- Ambrish Mithal, M.D., D.M. - International Excellence in Endocrinology Award. This award is presented to an endocrinologist who has made exceptional contributions to the field in geographic areas with underdeveloped resources for hormone health research, education, clinical practice, or administration. Mithal is the chairman and head of the endocrinology and diabetes division of Max Healthcare Hospital in Delhi, India. He has grown the field of endocrinology in India, and his important research on iodine deficiency and fluoride has been recognized worldwide. He founded India's first bone density and osteoporosis service, establishing osteoporosis as a serious national health problem. He was also one of the first to recognize that vitamin D deficiency is widespread in India and played a key role in programs to fortify foods with vitamin D.
- Richard J. Auchus, M.D., Ph.D. - Outstanding Clinical Investigator Award. This annual award honors an internationally recognized clinical investigator who has contributed significantly to understanding the pathogenesis and therapy of endocrine and metabolic diseases. Auchus is a professor of internal medicine and pharmacology at the University of Michigan in Ann Arbor, Mich., and the world's foremost authority on steroid-related diseases. His pioneering science has transformed fundamental principles of steroid biosynthesis, and his clinical investigation has repeatedly changed clinical practice for androgen synthesis, endocrine hypertension and hypercortisolism. He made crucial contributions to the clinical development of abiraterone acetate for prostate cancer, and he repurposed abiraterone for treating congenital adrenal hyperplasia (CAH). Auchus co-authored and was instrumental in revising the Endocrine Society's Clinical Practice Guideline on CAH.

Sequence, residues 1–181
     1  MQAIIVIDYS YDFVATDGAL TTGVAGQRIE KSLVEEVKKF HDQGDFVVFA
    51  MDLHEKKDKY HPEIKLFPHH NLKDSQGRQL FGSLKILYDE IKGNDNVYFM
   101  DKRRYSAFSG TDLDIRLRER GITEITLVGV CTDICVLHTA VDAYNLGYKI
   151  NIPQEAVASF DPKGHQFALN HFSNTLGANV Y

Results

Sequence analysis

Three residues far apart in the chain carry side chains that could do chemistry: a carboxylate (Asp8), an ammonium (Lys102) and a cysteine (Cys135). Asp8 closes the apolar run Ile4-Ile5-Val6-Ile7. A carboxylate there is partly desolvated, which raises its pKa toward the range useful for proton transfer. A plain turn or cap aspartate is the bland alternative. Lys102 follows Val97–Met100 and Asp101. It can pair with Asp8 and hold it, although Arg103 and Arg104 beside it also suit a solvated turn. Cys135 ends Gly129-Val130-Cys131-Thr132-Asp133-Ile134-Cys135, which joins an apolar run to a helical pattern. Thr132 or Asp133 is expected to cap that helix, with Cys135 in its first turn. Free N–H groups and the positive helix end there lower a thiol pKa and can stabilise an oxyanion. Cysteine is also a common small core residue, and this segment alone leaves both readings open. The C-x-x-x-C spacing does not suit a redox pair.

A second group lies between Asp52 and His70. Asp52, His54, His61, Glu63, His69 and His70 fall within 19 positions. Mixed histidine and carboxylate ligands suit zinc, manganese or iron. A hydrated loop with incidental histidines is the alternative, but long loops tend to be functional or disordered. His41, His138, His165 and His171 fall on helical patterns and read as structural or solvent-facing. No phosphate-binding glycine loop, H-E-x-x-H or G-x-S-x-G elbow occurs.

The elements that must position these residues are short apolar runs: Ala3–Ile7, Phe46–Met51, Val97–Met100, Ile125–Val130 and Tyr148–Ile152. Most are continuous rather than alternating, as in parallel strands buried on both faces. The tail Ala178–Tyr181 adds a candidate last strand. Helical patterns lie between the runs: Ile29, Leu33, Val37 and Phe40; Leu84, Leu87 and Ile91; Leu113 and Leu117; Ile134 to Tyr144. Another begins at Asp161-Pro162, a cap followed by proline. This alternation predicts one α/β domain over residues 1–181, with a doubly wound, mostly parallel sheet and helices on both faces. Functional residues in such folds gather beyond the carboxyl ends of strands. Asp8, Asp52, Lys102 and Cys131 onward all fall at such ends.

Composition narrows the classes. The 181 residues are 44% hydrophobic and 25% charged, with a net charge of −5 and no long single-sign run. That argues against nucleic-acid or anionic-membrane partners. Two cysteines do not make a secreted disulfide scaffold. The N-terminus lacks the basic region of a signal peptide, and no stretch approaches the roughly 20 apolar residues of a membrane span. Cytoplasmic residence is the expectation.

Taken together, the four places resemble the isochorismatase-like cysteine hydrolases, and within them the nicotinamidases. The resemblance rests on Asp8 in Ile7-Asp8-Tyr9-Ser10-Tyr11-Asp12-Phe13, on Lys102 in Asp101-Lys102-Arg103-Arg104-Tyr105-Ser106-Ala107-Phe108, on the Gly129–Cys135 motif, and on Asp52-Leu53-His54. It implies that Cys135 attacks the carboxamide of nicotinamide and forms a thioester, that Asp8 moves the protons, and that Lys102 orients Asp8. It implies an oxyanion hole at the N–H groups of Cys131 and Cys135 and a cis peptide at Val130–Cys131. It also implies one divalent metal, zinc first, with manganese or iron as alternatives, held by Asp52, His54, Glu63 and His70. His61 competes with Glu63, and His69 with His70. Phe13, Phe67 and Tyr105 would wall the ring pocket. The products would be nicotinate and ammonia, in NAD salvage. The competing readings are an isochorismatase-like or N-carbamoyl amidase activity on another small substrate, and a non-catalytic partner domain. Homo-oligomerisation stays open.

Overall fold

- Frances J. Hayes, M.B.B.Ch. - Vigersky Outstanding Clinical Practitioner Award. This annual award recognizes extraordinary contributions by a practicing endocrinologist to the endocrine and/or medical community. As the associate clinic chief of endocrinology at Massachusetts General Hospital in Boston, Mass., Hayes has brought best practices and efficiency to the division, always with an eye to the best patient experience. She has been instrumental in establishing several specialty clinics at Mass General like the Transgender Health Program that provide optimal multidisciplinary care and a seamless transition from pediatric to adult care. Her national expertise in caring for men with testosterone deficiency is recognized in her role as an author for the Endocrine Society's Clinical Practice Guideline on testosterone therapy for hypogonadism.